I don’t know about you, but if I found myself in a situation where I was sitting with a plate of food in front of me, feeling those all too familiar pangs of hunger, but was unable to decipher the complexities of just how to banish that hunger by manoeuvring the contents of the plate before me into my stomach… I might just grumble at whoever was nearby, I might get up and walk away, I might even lash out or bring into play any other array of practical demonstrations of my frustration!

In my experience, many people living with dementia who don’t eat, or reject food (or drink, but that’s a whole other article!) offered to them, will eat it readily with just the right assistance. Of course, there are times when our inputs may not work, or when dementia has progressed to such an extent that eating becomes physically nigh on impossible, but I believe we must never assume that ‘not eating’ necessarily means ‘not hungry’.

And what is even more worrying, is that ‘behaviour’ like calling out or becoming angry or aggressive at the table might then be dealt with in ways that make things worse – including with medication that impacts alertness or concentration, so further reduces interest in food or ability to eat safely and exacerbates the problem!

For people living with dementia, staying well-nourished and hydrated can involve all sorts of challenges. One contributor to those can be the gradual loss of the connections in the brain linking hunger to eating and thirst to drinking. There may be reduced ability to recognise food and drinks or to identify and recall how to use cutlery and the array of items in a kitchen or on a dining table. Alterations in taste and smell and impaired ability to clearly make food preferences and desires known, add to the picture.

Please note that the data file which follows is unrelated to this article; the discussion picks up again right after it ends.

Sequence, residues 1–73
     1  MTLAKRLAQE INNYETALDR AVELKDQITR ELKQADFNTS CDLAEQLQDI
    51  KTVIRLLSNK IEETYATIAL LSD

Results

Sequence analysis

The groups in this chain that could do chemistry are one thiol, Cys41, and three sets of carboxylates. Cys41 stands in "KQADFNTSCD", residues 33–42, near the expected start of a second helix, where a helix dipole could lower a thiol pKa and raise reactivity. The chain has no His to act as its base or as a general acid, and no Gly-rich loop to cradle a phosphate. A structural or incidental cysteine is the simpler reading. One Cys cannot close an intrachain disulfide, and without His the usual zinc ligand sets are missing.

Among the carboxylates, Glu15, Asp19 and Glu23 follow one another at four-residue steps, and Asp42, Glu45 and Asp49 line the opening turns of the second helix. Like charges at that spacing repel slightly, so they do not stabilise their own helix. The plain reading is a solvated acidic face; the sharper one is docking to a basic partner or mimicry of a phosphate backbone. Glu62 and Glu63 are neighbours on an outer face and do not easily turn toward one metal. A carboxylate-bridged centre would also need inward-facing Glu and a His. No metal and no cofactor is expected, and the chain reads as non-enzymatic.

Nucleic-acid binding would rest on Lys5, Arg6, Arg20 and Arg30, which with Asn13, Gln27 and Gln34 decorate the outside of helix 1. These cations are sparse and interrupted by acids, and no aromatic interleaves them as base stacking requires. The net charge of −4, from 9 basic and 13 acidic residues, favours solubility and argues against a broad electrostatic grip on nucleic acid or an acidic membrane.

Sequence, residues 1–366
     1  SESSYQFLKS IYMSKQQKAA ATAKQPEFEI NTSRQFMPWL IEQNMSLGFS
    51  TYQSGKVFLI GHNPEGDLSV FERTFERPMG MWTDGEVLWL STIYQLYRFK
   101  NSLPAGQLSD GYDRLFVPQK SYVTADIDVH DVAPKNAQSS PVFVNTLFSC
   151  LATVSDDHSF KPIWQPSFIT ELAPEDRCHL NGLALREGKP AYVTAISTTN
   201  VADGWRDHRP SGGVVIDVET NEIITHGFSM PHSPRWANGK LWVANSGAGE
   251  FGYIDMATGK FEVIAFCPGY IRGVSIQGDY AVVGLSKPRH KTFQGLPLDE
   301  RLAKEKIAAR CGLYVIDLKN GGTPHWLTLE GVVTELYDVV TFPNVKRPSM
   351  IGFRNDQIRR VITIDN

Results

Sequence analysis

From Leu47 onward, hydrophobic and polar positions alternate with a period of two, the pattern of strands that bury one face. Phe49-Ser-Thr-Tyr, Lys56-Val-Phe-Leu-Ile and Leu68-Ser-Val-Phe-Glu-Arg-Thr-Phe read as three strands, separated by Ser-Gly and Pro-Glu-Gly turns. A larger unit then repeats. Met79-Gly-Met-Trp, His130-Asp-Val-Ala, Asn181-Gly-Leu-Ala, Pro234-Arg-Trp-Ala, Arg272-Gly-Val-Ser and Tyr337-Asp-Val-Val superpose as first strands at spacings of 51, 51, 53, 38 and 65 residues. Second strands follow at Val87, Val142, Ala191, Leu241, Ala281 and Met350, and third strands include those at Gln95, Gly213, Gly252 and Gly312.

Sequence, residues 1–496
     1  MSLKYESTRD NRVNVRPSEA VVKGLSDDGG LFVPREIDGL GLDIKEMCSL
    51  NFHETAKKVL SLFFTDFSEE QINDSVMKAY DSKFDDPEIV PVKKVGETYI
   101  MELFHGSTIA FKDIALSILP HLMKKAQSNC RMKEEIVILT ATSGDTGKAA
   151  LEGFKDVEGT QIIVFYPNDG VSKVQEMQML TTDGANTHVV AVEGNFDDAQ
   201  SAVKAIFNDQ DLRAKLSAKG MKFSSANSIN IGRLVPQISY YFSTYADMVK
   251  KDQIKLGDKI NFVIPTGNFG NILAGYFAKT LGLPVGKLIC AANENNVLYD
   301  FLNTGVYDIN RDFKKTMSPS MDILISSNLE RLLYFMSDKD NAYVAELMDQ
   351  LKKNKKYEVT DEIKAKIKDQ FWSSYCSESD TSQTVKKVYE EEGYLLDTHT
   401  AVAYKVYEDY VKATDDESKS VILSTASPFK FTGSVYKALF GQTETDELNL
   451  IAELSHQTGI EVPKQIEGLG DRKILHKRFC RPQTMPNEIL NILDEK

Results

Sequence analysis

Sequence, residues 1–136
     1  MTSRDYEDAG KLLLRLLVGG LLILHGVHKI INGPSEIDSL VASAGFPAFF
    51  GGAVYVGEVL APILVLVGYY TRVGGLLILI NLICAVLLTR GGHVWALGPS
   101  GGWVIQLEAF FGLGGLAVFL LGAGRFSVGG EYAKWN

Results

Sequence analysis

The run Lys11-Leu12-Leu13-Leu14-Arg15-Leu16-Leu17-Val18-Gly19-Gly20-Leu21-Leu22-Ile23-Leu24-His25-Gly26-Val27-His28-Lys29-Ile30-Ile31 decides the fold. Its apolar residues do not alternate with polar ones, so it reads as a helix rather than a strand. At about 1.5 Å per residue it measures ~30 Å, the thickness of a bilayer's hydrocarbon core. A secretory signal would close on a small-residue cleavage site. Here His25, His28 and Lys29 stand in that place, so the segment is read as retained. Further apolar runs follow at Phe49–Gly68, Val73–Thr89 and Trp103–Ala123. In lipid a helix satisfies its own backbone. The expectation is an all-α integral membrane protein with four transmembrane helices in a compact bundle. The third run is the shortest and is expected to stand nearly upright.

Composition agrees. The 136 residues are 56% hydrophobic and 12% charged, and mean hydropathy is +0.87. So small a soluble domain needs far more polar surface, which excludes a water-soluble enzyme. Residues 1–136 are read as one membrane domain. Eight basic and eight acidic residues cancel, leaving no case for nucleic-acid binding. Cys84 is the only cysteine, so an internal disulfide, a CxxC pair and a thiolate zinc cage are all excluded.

There’s so much to understand about eating in dementia, but here I just make a plea to anyone who is caring for or cares about someone living with dementia who is not eating well: Think outside the square – it’s up to those of us who are not facing these sorts of cognition challenges to think of ways to help, not to assume that someone not eating just ‘isn’t hungry’.

Some may just need verbal encouragement or company at mealtimes – often being able to mimic the actions of eating made by others around a table is enough. It is common for those who will sit at a table to do better with company, especially when that table is set as ‘mum used to’. And remember, TV didn’t exist when these people were young – neverhave it blaring at mealtimes. The distraction of a TV, medication trolley, clattering plates, discussions between staff over people’s heads and more can easily cause residents with poor concentration skills to give up on eating, and that’s an opportunity for good nutrition wasted.

Some people may just need a suggestion to pick up a spoon, or benefit from a gentle ‘hand over hand’ guiding of a spoon from food to the mouth –  the repetitive action of filling spoons/forks/chopsticks and conveying food to the mouth is so embedded in our brains, that just starting the action can empty a bowl or plate! And, if cutlery is a problem, go for food that can be picked up in the fingers – that harks back to our earliest experience with food and can often make a huge difference in what ends up being eaten.

I am passionate about ensuring every person, dementia or not, gets the very best chance to relish every mouthful offered to them, as long as they can, and we can all assist in that.

Ngaire Hobbins APD is a dietitian specialising in ageing, brain health and dementia and the author of 3 books presenting the evidence in these areas in the language of everyday people. Eat To Cheat Ageing, Eat To Cheat Dementia and Better Brain Foodare available in bookstores, online and via the website: www.ngairehobbins.com

 

 

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